(Based on 'Coinage between Cultures: Mediating Power in Roman Macedonia', The In Betweenness of Things: Materializing Mediation and Movement between Worlds, The British Museum and University College London, 22-23 March 2013. A more detailed publication is forthcoming. Above image reproduced courtesy of Numismatica Ars Classica, Auction 59, lot 1610)

April's Coin of the Month

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An intriguing Roman provincial coin depicting an Armenian tiara

This month’s coin aprilpresents an intriguing type, the classification of which remains undetermined. The obverse depicts jugate busts facing right. The device on the reverse is unquestionably an Armenian tiara with its distinctive pointed spikes on top and neck and ear flaps hanging from the bottom. Parts of a circular legend are visible, but remain mostly illegible (published in RPC Supplement II, no. S2-I-5488, AE 8.76g). Thus far only two other issues are known depicting an Armenian tiara: the denarii of Mark Antony (Sydenham, The Coinage of Caesarea in Cappadocia, 1205) and Augustus (Roman Imperial Coinage, Vol. I, 516). The attribution of this unique coin remains uncertain. The portrait is unquestionably that of a Julio-Claudian, but it is difficult to identify the emperor with certainty without the aid of a legible legend. Despite this, a number of candidates may be proposed.

A likely candidate is Augustus, for it was during his reign that pro-Roman rulers were established on the Armenian throne on several occasions. In 5 BC Augustus dispatched Roman forces under the leadership of Tiberius, who appointed Artavasdes (a grandson of Tigranes the Great) to the throne. Upon the death of Artavasdes, his son Tigranes was successful in petitioning Augustus for the kingship and arrangements were made for him to receive the crown from Gaius Caesar in Syria. The following years saw a number of rulers appointed by Augustus, including members of the ruling dynasty of Media Atropatene and a scion of the house of Herod the Great. In consequence, this type may have been issued to commemorate any of the above events. During Tiberius’s reign, Rome once again was involved in Armenia’s political affairs, when in AD 18 the Emperor dispatched Germanicus to place Zeno, son of King Polemo of Pontus, on the Armenian throne to resolve a political vacuum. Drachms and didrachms were issued in Caesarea in Cappadocia to commemorate this event. It may be the case that these bronzes were issued for the same occasion, although not necessarily at the same time and place. Nero is also a likely candidate, for it is well recorded that in AD 66 Tiridates, the pro-Parthian king of Armenia, received his crown from the Roman emperor during a lavish ceremony in Rome; these coins may have been issued to celebrate this occasion.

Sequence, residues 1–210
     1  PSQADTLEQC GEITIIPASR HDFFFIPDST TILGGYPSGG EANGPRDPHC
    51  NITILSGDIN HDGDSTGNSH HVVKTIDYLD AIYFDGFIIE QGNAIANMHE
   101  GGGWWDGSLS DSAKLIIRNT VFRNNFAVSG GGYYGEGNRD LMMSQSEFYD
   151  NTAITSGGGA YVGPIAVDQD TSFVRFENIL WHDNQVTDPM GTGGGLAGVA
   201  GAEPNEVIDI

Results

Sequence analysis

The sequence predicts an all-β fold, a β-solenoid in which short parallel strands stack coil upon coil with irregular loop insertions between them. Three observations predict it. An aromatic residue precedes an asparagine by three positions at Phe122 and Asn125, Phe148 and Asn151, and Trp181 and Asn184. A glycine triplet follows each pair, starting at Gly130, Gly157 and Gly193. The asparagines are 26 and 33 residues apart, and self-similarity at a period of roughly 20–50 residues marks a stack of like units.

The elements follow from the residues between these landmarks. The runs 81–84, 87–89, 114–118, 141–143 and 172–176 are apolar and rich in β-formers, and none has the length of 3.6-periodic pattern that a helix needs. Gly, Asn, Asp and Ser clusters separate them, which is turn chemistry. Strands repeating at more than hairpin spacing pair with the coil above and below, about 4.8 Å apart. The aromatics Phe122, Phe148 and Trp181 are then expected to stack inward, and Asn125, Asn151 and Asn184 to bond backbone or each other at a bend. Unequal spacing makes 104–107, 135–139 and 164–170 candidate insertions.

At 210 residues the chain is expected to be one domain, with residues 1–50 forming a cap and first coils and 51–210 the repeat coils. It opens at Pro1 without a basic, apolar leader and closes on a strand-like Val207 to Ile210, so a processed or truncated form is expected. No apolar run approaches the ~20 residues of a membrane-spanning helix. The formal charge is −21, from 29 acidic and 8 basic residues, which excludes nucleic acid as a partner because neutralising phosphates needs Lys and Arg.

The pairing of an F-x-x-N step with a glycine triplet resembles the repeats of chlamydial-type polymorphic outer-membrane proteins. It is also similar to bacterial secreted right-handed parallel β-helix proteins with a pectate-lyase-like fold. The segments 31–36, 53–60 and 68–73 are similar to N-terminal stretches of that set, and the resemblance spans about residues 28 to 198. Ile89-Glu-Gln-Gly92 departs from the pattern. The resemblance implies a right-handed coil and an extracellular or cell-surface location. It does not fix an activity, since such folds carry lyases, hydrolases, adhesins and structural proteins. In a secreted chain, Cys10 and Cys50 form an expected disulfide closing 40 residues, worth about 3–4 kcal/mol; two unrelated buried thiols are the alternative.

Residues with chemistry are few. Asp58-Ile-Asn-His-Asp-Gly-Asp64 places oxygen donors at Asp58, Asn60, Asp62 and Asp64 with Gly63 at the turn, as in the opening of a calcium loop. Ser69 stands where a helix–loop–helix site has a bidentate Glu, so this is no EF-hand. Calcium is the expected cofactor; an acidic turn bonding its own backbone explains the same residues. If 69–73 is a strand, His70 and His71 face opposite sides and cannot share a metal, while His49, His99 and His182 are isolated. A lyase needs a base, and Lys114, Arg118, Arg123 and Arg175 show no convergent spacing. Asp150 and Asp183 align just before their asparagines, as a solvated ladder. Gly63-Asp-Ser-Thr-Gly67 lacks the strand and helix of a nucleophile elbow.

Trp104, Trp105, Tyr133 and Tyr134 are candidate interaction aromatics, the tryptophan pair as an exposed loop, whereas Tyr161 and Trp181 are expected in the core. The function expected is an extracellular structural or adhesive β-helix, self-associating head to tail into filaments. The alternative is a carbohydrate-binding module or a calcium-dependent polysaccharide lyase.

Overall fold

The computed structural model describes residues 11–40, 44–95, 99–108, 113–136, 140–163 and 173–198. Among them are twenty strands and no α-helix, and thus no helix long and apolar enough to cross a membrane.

As for the second portrait, it is highly unlikely that it is one of the above mentioned Armenian kings, since there is no precedent for the representation of a ‘client king’ jugate with a Roman emperor on the obverse. The second person is most probably a member of the imperial family, though difficult to identify without a legible legend.

This month’s coin was chosen by Jack Nurpetlian, who recently completed his PhD thesis on the Roman period coinages of the Orontes Valley in Syria. Jack’s research focuses on Roman provincial coins of the Syro-Phoenician territories, in addition to his personal interest in ancient Armenian coins.

(Coin image reproduced from The Roman Provincial Coinage Supplement II,